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Pieter Wispelwey / Florilegium

Vivaldi Concerti

  • Type CD
  • Label Channel Classics
  • UPC 0723385100973
  • Catalog number CCS 10097
  • Release date 19 August 2002
Physical (CD)

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About the album

ANTONIO VIVALDI celebratedscorned lovedhated An excellent joueur de violon et compositeur mediocre was the description of his fellow-Venetian, the playwright Carlo Goldoni; and one Uffenbach must have been overwhelmed when he heard the maestro himself play a fantasy (i.e. a cadenza) which really terrified me, for such has not been nor can ever be played: he came with his fingers within a mere grass-stalks breadth of the bridge, so that the bow had no roomand this on all four string with imitation and at incredible speed. He was a controversial figure; many found his concerti wild and disorderly; in contrast others found them written on the contrary, in too simple and conventional a style (Johann Joachim Quantz). Whatever the final judgment might be, Vivaldi was rediscovered at the beginning of the 20th century after 100 years of oblivion.

One important reason for this was the discovery that J.S. Bach, who had always remained popular, had copied many of Vivaldis works, primarily in order to study them and later on to make respectful use of their material in transcriptions or arrangements. It must be established here that Vivaldi composed in a manner which, rather than conventional and easy-going, was on the contrary extremely inventive and varied. Even in his apparently simple and conventional works, the listener can enjoy the numerous subtle formal quirks and the constantly unpredictable asymmetries, e.g. in the phrasing of independent parts. One encounters extravagant melodies, often with wide, unconventional leaps of large intervals; in contrast there are also movements where there is no melody at all, but rather an ingenious series of arpeggiated chords which provide a consistently suspenseful sense of progression. It is true that the harmonies can initially appear somewhat superficial and transparent; but a closer examination may well reveal that Vivaldis highly characteristic harmonic rhythmthe length of time that elapses between changes of fundamental harmony, combined with changes in colour which are frequently extremely sharp, such as abrupt alternations of major and minor as well as chords of the seventh, ninth, eleventh, and even thirteenth, can produce a continually changing and imaginatively shaded harmony. The abovementioned superlatives, incidentally, also apply to the purely rhythmic aspects of this music: the ingenious use of hemiola, disguised dance rhythms, lombardic swing, and straightforward dotted rhythms guarantee an ever-present pulse of life. It is not surprising, then, that Antonio Vivaldi had numerous later imitators, regardless of his critics. Vivaldis concerto style, in particular, with its consistent use of the ritornello form and the three-movement construction presaging the later symphony, accounted for much of his popularity. His LEstro Harmonico, op. 3 (Etienne Roger, Amsterdam, 1711), was an extremely popular and influential publication in its time.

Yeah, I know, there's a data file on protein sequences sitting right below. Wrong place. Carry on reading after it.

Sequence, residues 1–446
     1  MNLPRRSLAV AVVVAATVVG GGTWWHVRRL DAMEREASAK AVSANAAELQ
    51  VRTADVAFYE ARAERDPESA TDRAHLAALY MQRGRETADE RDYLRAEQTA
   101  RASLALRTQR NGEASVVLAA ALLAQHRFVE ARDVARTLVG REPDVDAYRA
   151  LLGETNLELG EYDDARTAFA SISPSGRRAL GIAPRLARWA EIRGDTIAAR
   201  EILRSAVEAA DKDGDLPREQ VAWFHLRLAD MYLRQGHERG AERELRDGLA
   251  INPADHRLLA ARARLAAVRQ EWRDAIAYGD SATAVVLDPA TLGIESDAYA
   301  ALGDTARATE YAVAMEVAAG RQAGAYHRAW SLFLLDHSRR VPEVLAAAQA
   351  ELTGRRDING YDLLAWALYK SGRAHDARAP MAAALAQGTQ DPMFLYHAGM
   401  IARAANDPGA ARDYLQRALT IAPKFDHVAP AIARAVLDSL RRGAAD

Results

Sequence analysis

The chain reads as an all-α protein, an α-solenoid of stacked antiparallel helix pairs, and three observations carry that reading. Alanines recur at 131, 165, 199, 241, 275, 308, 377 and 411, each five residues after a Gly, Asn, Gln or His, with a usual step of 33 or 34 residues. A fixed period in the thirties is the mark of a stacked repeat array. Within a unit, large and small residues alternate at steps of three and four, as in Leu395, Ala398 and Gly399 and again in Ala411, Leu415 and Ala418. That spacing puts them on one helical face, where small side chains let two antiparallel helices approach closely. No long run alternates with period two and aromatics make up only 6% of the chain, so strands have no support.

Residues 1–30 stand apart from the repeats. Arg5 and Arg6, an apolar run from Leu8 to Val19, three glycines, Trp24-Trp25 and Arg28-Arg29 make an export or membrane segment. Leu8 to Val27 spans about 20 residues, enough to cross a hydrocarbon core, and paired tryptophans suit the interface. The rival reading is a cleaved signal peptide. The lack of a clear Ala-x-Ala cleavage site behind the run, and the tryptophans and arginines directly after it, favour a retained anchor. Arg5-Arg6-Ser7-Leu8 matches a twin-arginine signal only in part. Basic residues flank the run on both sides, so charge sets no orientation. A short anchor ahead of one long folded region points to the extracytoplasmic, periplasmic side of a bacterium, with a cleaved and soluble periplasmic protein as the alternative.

The composition, purely for pleasure, of solid, euphonious music, often with programmatic content, with well-thought-out orchestrations (typified, for example by placing the bass line in the soprano register, or a subtle alternation between 8 and 4 foot registrations), with virtuosically detailed articulations, and, above all, with an inexhaustible daring and enthusiasm, stamps Vivaldi as a most unconventional composer. His individuality and expressivity would surely not have been out of place some 100 years later in the midst of the so-called Romantic period, and it is no doubt this timelessness which his contemporaries could not or would not understand. Antonio Vivaldis passion and wit have lost none of their freshness today. The works on this CD are firm and incontrovertible evidence of everything just described. Livelier, more original, more romantic, more varied, more refined, more sentimental, more joyful, more impassioned, more whimsical, sadder, or more sensual music can hardly be imagined. Walter van Hauwe, November 1996

  • 1
    Larghetto In D Minor RV 295
  • 1
    Concerto In a Minor Allegro, from RV 421
  • 1
    Concerto In a Minor Siciliano, from RV 415 (orig. G Major)
  • 1
    Concerto In a Minor Allegro, from RV 421
  • 1
    Largo In F Major RV 190 (orig. C Major)
  • 1
    Concerto In F Major Allegro, from RV 410
  • 1
    Concerto In F Major Largo, from RV 407 (orig. G Minor)
  • 1
    Concerto In F Major Allegro Molto, from RV 411
  • 1
    Adagio In C Major, RV 109
  • 1
    Allegro Vivace In D Major, from RV 404 (3rd Movement)
  • 1
    Largo In D Major RV 226
  • 1
    Concerto In B Minor, RV 424 Allegro Non Molto
  • 1
    Concerto In B Minor, RV 424 Largo
  • 1
    Concerto In B Minor, RV 424 Allegro
  • 1
    Largo In C Major, RV 383 (orig. B Flat Major)
  • 1
    Concerto In G Major RV 413 Allegro
  • 1
    Concerto In G Major RV 413 Largo
  • 1
    Concerto In G Major RV 413 Allegro
  • 1
    Largo In G Major RV 341 (orig, a Major)
  • 1
    Concerto In a Minor RV422 Allegro Non Troppo
  • 1
    Concerto In a Minor RV422 Largo
  • 1
    Concerto In a Minor RV422 Allegro
  • 1
    Alla Breve In G Major RV 415 (3rd Movement)

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